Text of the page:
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The Fragmented Forest: Island Biogeography Theory and the Preservation of Biotic Diversity

The Fragmented Forest: Island Biogeography Theory and the Preservation of Biotic Diversity

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The Fragmented Forest: Island Biogeography Theory and the Preservation of Biotic Diversity

348 pages
3 heures
Feb 28, 2013


In this poineering application of island biogeography theory, Harris presents an alternative to current practices of timber harvesting.

"Harris pulls together many threads of biological thinking about islands and their effect on plant and animal survival and evolution. He weaves these threads into a model for managing forest lands in a manner that might serve both our short-term economic and social needs as well as what some people feel is our ancient charge to be steward of all parts of creation."—American Forests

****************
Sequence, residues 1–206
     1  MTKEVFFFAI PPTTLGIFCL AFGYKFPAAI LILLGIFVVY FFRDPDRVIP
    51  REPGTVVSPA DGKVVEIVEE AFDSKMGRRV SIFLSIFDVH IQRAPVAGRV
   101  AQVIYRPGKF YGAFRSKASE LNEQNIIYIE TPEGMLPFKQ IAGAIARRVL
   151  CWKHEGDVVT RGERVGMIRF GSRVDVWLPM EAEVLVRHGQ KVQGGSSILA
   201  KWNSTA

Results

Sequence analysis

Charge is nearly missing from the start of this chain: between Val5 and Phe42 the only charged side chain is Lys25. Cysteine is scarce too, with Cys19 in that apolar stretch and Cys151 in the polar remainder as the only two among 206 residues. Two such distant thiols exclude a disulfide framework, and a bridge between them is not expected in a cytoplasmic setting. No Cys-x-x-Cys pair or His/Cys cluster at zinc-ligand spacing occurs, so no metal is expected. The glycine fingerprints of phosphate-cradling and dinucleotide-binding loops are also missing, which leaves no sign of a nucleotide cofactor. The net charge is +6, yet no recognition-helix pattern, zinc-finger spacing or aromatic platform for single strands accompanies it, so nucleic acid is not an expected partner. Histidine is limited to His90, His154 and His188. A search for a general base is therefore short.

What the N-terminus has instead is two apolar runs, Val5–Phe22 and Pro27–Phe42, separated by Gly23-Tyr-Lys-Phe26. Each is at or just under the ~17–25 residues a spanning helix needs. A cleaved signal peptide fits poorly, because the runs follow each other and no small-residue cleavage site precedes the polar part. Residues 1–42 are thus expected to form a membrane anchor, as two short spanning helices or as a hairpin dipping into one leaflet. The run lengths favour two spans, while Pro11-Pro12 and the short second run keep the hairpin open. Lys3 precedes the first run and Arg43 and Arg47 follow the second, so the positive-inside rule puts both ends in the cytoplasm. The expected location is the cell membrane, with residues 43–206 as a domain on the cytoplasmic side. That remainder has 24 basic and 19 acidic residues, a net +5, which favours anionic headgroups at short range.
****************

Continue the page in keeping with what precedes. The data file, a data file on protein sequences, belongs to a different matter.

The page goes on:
Winner of the 1986 Wildlife Society Publication Award
Feb 28, 2013

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The Fragmented Forest - Larry D. Harris

The University of Chicago Press, Chicago 60637

The University of Chicago Press, Ltd., London

© 1984 by The University of Chicago

All rights reserved. Published 1984

Printed in the United States of America

ISBN 978-0-226-21995-0 (ebook)

ISBN 0-226-31764-1 (pbk.)

03 02 01 00 99 98 97 96 95 94      6 7 8 9 10 11

Library of Congress Cataloging in Publication Data

Harris, Larry D.

The fragmented forest.

Bibliography: p.

Includes index.

1. Nature conservation.   2. Biogeography.   3. Island ecology.   I. Title.

QH75.H37   1984   639.9   84-144

This book is printed on acid-free paper.

The Fragmented Forest

Island Biogeography Theory and the Preservation of Biotic Diversity

Larry D. Harris

With a Foreword by Kenton R. Miller

The University of Chicago Press

Chicago and London



who came to appreciate that natural resources are not given

to us by our fathers but are loaned to us by our children


Foreword by Kenton R. Miller


Part 1: Problem Setting

1. Introduction

2. The Approach

Part 2: Current States of Nature